Those who recognize this byline know that I am very much a traditionalist when it comes to guns—and a lot of other things as well. I prefer walnut stocks, bolt-action rifles—well, lever actions, too—N-frame Smith & Wesson revolvers, single-action revolvers and the 1911. While I recognize certain engineering and manufacturing improvements spearheaded by the gun industry, you would almost have to waterboard me before I’d admit that I own an AR-15. Actually, I have three but that’s a moot point right now. So when I showed up at a prairie dog shoot with my Ruger Mark III Hunter pistol topped with an Aimpoint and a KDM suppressor, my longtime buddies asked me if I was feeling well or on some new meds. To understand this anomaly it’s best to start at the beginning.
Starting along about 2002 a small remuda of ne’er-do-wells calling themselves outdoor or gunwriters would gather annually at the Tejon Ranch outside of Los Angeles for a few days of pig hunting and ground squirrel shooting. The details of these confabs should probably remain as tough to unearth as Obama’s college records, but if I recall correctly, in 2004 Dick Williams—who was my handgun editor when I was Editor in Chief of Shooting Illustrated—brought a then-new Ruger Mark III Hunter pistol to the Tejon. Atop it he had mounted an Aimpoint Comp C3 red-dot sight.
After a little cajoling, I set aside my S&W K-22 and gave this modern upstart a whirl. My first four shots resulted in four kills of the little dirt rodents at ranges out to 60 or 70 yards. Hmm…I thought, I’m gonna have to get me one of these. I did, and just as Dick did, I mounted an Aimpoint Comp C3 sight on it, after removing the factory iron sights. It didn’t replace my K-22, but I found myself including it on more and more rodent shoots. The Mark III Hunter is already a very accurate .22 LR pistol with its 6 7/8" bull barrel; the Aimpoint helps these old eyes a great deal in extracting the most from that accuracy. Happily, this particular pistol has a very crisp trigger pull of 3 1/2 lbs. which also contributes to its ability to hit small targets way out there.
I am an unrepentant gun geek, so as a geek I am always thinking of ways to improve my guns. Prairie doggin’ is a summertime activity, and I hate clamping ear pro to my noggin and sweating underneath it. Enter John Killebrew of Rutledge, Ala.
John and I met via Facebook and some mutual friends. He spent 27 years as an electrical engineer in the aerospace industry. It was during that time that he cultivated a mechanical and machining background while troubleshooting various projects. When his employer shut its doors in 2012 John decided to combine his two loves: guns and engineering. He began designing suppressors in his head, and in 2013 he secured a manufacturing license from BATFE. John’s specialty is making small improvements on basic designs to suit an individual customer—sort of a custom suppressor gunsmith—within reason.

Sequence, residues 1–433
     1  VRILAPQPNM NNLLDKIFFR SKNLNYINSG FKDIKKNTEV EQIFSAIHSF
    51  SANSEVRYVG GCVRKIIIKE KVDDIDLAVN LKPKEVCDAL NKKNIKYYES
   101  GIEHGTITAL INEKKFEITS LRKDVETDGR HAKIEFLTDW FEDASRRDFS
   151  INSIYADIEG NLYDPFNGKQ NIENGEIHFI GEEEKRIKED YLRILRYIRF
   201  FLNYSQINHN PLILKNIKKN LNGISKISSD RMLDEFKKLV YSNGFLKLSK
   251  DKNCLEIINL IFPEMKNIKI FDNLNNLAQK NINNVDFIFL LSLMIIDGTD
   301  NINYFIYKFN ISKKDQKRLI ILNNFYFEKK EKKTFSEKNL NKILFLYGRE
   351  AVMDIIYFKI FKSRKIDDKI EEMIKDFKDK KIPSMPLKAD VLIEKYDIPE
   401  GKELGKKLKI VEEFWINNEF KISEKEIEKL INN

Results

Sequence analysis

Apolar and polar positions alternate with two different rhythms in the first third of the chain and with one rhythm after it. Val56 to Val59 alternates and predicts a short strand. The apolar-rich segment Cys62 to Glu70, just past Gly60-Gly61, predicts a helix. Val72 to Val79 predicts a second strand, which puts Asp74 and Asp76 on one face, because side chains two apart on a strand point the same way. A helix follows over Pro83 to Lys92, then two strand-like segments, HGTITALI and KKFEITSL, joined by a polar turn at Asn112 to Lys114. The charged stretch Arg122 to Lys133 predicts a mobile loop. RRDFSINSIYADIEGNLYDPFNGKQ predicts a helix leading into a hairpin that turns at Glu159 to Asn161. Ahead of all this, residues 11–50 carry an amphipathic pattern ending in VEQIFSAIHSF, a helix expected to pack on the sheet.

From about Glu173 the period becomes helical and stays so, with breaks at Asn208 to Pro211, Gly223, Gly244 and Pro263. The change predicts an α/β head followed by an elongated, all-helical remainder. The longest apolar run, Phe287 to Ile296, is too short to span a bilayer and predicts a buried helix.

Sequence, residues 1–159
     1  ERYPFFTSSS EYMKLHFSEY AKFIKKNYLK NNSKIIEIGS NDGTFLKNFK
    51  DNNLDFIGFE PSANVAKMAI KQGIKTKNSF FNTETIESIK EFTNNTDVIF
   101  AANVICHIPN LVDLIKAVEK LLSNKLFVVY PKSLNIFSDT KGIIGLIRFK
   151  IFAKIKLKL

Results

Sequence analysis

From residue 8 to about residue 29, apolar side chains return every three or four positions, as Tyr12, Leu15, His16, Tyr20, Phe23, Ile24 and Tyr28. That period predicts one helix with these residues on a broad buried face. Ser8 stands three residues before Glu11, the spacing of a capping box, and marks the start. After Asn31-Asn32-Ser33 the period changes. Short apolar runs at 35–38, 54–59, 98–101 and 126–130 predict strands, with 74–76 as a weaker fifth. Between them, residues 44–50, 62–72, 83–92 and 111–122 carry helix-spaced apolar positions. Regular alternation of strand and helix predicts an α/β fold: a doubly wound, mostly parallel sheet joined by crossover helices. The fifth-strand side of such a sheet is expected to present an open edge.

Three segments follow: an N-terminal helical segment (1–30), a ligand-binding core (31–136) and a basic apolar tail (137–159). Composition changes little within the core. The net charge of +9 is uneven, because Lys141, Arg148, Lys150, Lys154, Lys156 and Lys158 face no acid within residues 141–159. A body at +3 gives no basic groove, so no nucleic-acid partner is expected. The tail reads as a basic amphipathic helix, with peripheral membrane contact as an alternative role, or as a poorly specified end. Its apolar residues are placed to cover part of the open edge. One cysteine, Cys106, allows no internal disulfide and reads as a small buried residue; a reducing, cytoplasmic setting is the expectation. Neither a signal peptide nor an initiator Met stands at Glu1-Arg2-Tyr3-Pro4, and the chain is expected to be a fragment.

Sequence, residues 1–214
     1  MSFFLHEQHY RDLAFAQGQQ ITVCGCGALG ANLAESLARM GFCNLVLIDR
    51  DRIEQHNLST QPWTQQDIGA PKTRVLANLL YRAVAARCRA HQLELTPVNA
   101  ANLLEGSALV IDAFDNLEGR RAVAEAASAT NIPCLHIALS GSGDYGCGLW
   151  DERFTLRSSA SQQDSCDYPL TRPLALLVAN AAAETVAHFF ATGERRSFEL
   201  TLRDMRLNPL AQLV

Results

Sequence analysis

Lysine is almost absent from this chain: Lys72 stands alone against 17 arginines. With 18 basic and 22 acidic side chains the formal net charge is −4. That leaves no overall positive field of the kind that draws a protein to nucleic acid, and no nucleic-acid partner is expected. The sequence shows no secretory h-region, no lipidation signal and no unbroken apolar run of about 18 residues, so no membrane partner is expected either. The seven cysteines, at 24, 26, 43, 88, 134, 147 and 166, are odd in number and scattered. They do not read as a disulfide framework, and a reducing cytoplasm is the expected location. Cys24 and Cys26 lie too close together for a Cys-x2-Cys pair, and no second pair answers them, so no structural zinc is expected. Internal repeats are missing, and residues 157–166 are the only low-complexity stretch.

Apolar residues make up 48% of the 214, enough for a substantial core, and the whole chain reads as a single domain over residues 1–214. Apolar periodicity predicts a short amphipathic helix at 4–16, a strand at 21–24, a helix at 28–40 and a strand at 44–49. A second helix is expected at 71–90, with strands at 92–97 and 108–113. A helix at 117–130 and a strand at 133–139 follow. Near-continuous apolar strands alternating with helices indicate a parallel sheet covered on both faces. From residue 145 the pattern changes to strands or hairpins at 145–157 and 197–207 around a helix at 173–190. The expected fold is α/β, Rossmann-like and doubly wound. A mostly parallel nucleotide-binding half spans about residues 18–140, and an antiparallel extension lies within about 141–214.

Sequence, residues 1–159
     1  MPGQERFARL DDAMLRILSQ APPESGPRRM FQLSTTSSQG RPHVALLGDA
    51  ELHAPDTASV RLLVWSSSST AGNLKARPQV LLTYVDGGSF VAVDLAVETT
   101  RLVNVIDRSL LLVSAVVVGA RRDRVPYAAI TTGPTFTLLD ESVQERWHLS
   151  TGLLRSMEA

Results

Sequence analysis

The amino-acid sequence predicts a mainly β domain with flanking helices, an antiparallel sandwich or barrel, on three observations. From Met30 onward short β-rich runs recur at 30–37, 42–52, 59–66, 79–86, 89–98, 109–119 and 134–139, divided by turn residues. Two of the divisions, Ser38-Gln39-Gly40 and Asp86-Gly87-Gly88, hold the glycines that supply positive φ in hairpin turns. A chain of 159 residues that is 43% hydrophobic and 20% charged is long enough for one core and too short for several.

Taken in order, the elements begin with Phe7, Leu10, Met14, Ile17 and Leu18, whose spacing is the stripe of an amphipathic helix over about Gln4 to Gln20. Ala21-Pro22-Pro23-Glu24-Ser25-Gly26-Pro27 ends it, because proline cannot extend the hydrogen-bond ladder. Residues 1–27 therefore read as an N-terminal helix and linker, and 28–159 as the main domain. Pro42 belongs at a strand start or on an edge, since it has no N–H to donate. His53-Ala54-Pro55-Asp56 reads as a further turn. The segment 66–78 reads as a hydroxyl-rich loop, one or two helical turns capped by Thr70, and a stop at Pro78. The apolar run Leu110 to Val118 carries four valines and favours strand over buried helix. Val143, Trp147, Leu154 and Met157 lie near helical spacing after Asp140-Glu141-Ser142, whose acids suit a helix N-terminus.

Last fall I sent him the Ruger for barrel threading and placed an order for one of his cans, as suppressors are affectionately called. The threading job was superb; you really have to look hard to find the joint between the thread protector and the barrel. After the Feds got paid off and were satisfied I wasn’t a terrorist, I took possession of the can in December.
Everyone—including me—who has shot one of John’s cans says it is incredibly quiet. John wanted to shorten the barrel on my Hunter to ensure subsonic performance and the utmost in noise reduction, but I resisted because this is primarily a hunting gun and I want all the velocity I can get out of it. To be sure, there is still the supersonic crack of the bullet, but it is no more an irritant than the report of a pellet gun.
Some lessons learned: Rimfires are dirty calibers, and I mean really dirty. The carbon buildup on the baffles necessitates cleaning every 200 to 300 rounds. After I returned from a prairie dog safari in early June I took the can apart to clean it and needed a wooden dowel to beat the aluminum baffles out of it. In order to get the baffles clean, I resorted to soaking them in Kroil for a couple of hours followed by a couple of more hours cooking in my ultrasonic cleaner. John told me this is typical of rimfires. Center-fires operate at much higher temperatures and pressures and, consequently, are more-or-less self-cleaning.
Performance on the prairie dog safari was fully up to expectations, though my buddies and I did more target shooting than prairie doggin’ with the Ruger this time because of incessant 30 to 40 mph winds that plagued us for three of the four days we shot. Still, I did the dirty deed on a dozen or so of the little rodents. It’s a pleasure to be able to shoot sans ear pro.
Recently, another pal had his kids and grandkids visit and asked me to join them for a day of shooting. The first gun they all wanted to shoot was what they called my “Star Wars” gun. They probably put 200 rounds through it and fell in love with it. Brad, my buddy and their grandpa, has a similar Ruger in his collection and said he just may go the Aimpoint-and-suppressor route with it. Yeah, it ain’t a classic, but this Ruger is definitely a keeper gun.
John Killebrew is fine tuning his .30-cal. can to bring it to market. Like the rimfire can, everyone who has shot it is impressed with its quietness. I’m already on the list for one. The rimfire can is priced at $250 with aluminum baffles; $275 for stainless steel baffles. If you decide to go with one of his cans, be prepared to be put on a waiting list. Killebrew Design and Manufacturing is a one-man show, and every part, including the baffles is hand turned on a lathe by John. You can see more about these superb suppressors at kdmcans.com.